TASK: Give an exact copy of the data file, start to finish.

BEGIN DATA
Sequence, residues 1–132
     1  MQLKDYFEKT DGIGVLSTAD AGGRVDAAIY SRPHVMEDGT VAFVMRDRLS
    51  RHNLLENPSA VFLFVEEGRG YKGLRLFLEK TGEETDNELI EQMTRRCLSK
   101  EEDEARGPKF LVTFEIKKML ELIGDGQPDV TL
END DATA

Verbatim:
Sequence, residues 1–132
     1  MQLKDYFEKT DGIGVLSTAD AGGRVDAAIY SRPHVMEDGT VAFVMRDRLS
    51  RHNLLENPSA VFLFVEEGRG YKGLRLFLEK TGEETDNELI EQMTRRCLSK
   101  EEDEARGPKF LVTFEIKKML ELIGDGQPDV TL